Florida's decade-old incentive program to lure research institutions is going belly up
A decade ago Florida Governor Jeb Bush played a leading role in doling out incentives to attract some of the world’s top-ranked research institutions to the state. But overall the initiative has fallen woefully short on the promise of new biotech jobs created, and a new generation of state leaders is cutting off the cash.
The latest to be affected by the backlash: The Torrey Pines Institute for Molecular Studies. The state Department of Economic Opportunities is transferring $3.5 million in outstanding incentive payments over to the general-revenue fund, according to the Palm Beach Post. But so long as the institute can maintain its operations, which they’ve promised at least through 2017 — the state won’t be repossessing any of the equipment it purchased.
Torrey Pines reportedly has a staff of about 85, less than half the 189 required in its deal with the state.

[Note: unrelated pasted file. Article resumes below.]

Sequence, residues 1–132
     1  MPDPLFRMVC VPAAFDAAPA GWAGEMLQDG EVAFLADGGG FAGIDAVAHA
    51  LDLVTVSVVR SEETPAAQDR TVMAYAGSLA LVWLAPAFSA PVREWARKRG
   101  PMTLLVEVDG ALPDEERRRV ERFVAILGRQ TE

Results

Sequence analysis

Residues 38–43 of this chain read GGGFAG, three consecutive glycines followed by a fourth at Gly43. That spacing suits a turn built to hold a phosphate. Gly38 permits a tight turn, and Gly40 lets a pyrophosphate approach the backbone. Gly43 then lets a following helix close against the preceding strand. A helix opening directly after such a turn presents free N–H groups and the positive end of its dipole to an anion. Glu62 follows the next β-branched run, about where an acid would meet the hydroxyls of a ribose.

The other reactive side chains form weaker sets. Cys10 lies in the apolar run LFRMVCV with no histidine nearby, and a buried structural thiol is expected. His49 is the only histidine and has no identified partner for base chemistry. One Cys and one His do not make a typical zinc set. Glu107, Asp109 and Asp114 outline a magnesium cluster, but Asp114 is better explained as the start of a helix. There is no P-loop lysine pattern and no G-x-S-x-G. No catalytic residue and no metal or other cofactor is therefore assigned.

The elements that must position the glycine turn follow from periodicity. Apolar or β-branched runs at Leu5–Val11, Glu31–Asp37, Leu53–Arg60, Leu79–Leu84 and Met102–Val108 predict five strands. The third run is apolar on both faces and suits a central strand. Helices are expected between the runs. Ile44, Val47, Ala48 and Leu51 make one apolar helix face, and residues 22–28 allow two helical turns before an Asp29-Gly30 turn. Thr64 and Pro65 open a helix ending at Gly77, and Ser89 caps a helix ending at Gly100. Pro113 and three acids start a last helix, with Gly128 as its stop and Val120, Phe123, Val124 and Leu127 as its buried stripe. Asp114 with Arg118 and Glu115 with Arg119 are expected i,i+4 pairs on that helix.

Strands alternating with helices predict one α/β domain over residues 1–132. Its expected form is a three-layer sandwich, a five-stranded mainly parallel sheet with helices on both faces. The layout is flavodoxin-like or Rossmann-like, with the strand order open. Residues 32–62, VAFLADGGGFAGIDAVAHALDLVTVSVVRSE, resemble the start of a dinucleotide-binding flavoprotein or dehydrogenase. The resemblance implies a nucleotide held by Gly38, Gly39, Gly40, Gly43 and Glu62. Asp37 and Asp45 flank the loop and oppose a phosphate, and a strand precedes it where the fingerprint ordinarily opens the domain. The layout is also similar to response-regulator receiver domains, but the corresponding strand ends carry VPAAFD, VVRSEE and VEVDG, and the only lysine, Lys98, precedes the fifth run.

Florida officials may not be as forgiving with Sanford Burnham. The state is looking for $77.5 million of the $350 million in incentives handed over a decade ago, along with equipment. Sanford Burnham had been trying to work out a deal to hand the institute over to the University of Florida, but that deal fell through.
Like the other institutions, Sanford Burnham pledged a commitment to maintain operations for 20 years while adding new jobs for the state in R&D, a key initiative aimed at building a biotech hub in the state. But it’s way behind on jobs, in debt and likely to pull out, leaving state officials preparing for a legal battle.
“Be assured that the state of Florida will thoroughly investigate and prosecute all available claims against” Sanford Burnham Prebys, the state said in a recent letter, according to the San Diego Union-Tribune.
A variety of state initiatives have been tried in recent years for biotech, with little success. California funded billions of dollars in stem cell research, with little to show for it. And Texas’ initiative to back cancer research in the Lone Star state has been plagued with accusations of insider dealing and favoritism.